The rise in the diagnostic precision of psychiatric disorders and the effectiveness of antipsychotic medications has been attributed to the use of case reports between the 1950s and 1980s. These reports consistently describe the symptoms and signs of Mania Bell’s, which were previously labeled as encephalitis autoimmune or other diagnoses similar to bipolar disorder or schizophrenia. Before the description of Mania Bell’s, these diagnoses were referred to as “delirium,” “excited chronic delirium,” “lethal delirious maniacal acute mania,” or “delirium mania’s Bell.” The constellation of symptoms and signs in Mania Bell’s can result in death in some cases, with fevers, sleeplessness, hallucinations, transient delusions, and overactivity typically lasting for weeks to days. These cases primarily affect female psychiatric patients, as described by Dr. Luther Bell, a physician at the McLean Asylum in Massachusetts in 1849.

Wetli and Fishbain

The “medical nature” conceals the manifestation of delirium and concluded that treating delirium is essential in addressing the underlying illness. They mentioned that there are “two categories of delirium: stuporous … And excited” and explained that there are numerous potential causes that can be reversed and are temporary, and they characterized this “acute excited delirium” as a critical medical situation characterized by a disruption in attention and impaired perception. Wetli and Fishbain described the resulting delirium as a medical emergency characterized by a disruption in attention and impaired perception, and they co-wrote a case report about cocaine intoxication in an individual who ingested packets of cocaine to hide them inside their body, referred to as a “bodypacker.” In 1981, Wetli and Fishbain worked as a forensic pathologist and director of psychiatric emergency services, respectively, at the University of Miami. The credit for introducing the term “excited delirium” in the 1980s goes to Drs. David Fishbain and Charles Wetli.

According to a published case series by Fishbain and Wetli in 1985, there were seven cocaine users, six men and one woman, who exhibited unexpected strength and/or hyperthermia, hyperactivity, violent behavior, panic, and fear during a cocaine-induced psychosis. In some cases, the police had to restrain all of them, and they died suddenly with respiratory arrest, despite receiving assistance from bystanders and the emergency room staff.

Excerpts from Charles V. Wetli, and David A. Fishbain, 1985, “Cocaine-Induced Psychosis and Sudden Death in Recreational Cocaine Users,” Journal of Forensic Sciences, 30, no. 3 (July): 873 – 880.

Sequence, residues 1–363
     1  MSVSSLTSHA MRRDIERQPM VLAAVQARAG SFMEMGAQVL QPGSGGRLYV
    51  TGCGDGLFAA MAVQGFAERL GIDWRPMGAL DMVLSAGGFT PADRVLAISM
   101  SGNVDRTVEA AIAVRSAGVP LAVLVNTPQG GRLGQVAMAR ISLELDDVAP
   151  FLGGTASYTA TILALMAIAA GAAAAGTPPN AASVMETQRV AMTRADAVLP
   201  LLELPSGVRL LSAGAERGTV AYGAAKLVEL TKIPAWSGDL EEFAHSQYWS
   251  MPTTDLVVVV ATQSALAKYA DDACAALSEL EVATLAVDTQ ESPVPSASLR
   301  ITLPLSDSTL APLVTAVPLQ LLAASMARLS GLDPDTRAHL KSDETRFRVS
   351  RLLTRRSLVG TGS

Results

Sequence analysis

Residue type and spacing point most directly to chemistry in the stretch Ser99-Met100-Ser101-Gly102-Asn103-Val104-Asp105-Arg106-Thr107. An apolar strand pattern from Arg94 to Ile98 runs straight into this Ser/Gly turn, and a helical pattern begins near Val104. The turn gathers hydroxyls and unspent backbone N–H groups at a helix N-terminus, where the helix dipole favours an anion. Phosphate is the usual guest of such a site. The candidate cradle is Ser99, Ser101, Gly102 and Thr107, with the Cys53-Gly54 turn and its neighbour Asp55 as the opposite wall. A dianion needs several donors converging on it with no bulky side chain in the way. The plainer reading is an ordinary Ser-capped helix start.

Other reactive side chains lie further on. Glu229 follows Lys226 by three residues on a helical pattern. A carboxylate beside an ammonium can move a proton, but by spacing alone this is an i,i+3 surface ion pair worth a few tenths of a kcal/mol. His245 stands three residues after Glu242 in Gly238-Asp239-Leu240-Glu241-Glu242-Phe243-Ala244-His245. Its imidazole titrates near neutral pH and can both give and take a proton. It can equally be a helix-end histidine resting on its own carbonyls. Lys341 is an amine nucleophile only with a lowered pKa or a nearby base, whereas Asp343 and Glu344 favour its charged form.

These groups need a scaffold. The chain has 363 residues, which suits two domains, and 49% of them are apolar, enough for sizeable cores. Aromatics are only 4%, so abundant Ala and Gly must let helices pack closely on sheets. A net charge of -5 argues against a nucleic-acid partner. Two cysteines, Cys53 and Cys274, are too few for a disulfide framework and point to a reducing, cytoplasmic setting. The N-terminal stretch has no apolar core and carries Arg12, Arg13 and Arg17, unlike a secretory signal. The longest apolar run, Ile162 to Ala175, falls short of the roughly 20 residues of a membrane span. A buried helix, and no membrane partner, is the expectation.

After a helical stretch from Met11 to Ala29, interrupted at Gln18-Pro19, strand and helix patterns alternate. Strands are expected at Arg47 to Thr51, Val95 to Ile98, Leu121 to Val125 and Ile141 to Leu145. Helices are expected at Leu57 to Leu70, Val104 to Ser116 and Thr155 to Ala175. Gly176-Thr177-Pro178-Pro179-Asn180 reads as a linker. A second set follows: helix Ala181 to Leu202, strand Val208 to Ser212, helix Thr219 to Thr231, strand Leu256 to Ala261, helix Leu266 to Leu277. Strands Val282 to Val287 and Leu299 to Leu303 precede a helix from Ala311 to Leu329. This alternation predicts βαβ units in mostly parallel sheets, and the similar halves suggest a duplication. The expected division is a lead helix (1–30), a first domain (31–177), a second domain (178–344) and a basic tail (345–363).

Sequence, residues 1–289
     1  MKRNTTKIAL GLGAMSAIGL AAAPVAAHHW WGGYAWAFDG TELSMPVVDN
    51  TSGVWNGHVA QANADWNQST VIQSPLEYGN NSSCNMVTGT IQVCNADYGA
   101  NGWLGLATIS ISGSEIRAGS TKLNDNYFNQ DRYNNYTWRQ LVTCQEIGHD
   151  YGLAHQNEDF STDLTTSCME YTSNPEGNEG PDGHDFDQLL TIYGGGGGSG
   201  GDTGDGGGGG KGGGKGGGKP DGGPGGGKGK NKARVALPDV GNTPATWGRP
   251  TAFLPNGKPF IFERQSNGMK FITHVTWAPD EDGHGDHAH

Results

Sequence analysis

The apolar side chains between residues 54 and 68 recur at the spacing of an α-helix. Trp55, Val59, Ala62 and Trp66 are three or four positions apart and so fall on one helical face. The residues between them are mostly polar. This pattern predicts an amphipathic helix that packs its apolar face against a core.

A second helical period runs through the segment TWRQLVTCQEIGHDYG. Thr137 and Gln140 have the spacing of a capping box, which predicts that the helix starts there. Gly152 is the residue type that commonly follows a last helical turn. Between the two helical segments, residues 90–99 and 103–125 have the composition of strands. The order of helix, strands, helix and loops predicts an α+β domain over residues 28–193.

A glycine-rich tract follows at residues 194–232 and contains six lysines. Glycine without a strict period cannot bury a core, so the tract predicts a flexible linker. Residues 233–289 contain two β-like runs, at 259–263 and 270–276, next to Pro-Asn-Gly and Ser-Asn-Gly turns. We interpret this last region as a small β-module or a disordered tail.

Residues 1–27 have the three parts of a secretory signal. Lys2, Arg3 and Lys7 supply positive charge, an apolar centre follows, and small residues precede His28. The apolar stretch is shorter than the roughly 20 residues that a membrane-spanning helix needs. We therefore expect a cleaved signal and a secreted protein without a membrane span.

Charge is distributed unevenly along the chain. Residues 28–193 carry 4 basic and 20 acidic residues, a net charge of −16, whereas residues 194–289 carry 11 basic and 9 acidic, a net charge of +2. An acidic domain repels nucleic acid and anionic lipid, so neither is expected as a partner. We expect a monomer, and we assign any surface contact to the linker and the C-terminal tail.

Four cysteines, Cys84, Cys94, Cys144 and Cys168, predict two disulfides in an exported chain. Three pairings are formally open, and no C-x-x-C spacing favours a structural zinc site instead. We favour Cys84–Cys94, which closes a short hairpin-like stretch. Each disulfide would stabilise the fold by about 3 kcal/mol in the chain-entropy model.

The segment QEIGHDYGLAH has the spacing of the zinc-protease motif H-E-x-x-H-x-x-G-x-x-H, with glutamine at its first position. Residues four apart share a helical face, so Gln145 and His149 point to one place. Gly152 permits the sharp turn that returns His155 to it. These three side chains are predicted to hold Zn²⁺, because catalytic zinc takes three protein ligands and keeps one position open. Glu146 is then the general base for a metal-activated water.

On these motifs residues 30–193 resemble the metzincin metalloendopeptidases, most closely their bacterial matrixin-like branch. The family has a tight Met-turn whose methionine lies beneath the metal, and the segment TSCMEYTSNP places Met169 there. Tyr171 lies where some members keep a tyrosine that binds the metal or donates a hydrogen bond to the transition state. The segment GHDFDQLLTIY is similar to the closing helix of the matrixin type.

No autopsies revealed the anatomical cause of death. However, in this publication by Fishbain and Wetli, it is described as a psychiatric presentation with a medical emergency called “excited delirium.” The prognosis depends on the underlying cause of delirium, as noted.

Fishbain and Wetli did not discuss the potential role that restraint may have played in the deaths of these victims. Instead of mentioning the prone restraint, they focused on other factors. They noted that seven out of the four individuals had their wrists handcuffed behind their backs, with their ankles fastened together using a strip of nylon, resembling a hobble. They were either hog-tied or had their feet and hands fastened together.

The initial conclusion drawn by Fishbain and Wetli is that the adjective “excited” is used to portray a hyperactive form of delirium. According to Lipowski, there are two major types of delirium: violent and hypervigilant, and agitated, panicky, fearful, hyperactive, shouting, and thrashing (excited), as well as apathetic, somnolent, mute, hypoactive, lethargic, and dull (stuporous). These descriptions of delirium were obtained from the same section written by Dr. Lipowski in the same edition of the Comprehensive Textbook of Psychiatry, where Fishbain and Wetli reviewed these pages. Both case reports from 1985 and 1981 are referenced in Fishbain and Wetli’s chapter in the 3rd edition of the Psychiatry PHR (pages 1359-1392).

However, there is no indication in his writings that Wetli had access to new scientific evidence underpinning this change, which will be discussed later as a unique disease and the cause of death, using the term “excited delirium” in a short time.

String of Homicides Targeting African-American Women in Miami